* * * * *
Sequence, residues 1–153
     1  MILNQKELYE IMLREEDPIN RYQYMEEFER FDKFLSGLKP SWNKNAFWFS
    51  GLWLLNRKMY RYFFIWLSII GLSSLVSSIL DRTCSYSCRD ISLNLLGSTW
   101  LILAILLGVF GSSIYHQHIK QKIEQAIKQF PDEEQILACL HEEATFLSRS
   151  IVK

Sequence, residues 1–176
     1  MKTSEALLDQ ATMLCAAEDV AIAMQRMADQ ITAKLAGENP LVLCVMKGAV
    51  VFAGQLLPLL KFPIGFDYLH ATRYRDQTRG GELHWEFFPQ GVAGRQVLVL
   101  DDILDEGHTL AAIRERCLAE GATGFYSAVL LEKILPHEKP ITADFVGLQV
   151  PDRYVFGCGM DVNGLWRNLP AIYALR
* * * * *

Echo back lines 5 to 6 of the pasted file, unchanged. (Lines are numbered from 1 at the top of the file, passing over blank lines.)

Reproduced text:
   151  IVK

Sequence, residues 1–176